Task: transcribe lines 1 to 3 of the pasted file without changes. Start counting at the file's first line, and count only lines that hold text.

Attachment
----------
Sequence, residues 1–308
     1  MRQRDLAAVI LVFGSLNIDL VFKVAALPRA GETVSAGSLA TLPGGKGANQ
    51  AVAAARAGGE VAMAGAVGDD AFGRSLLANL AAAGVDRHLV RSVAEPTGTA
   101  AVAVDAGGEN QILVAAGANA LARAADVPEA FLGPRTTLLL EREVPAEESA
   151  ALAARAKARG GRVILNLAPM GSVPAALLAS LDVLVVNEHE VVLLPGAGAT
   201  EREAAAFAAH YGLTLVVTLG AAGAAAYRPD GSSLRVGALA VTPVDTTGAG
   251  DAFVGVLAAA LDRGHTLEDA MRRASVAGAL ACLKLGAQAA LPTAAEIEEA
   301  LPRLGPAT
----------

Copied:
Sequence, residues 1–308
     1  MRQRDLAAVI LVFGSLNIDL VFKVAALPRA GETVSAGSLA TLPGGKGANQ
    51  AVAAARAGGE VAMAGAVGDD AFGRSLLANL AAAGVDRHLV RSVAEPTGTA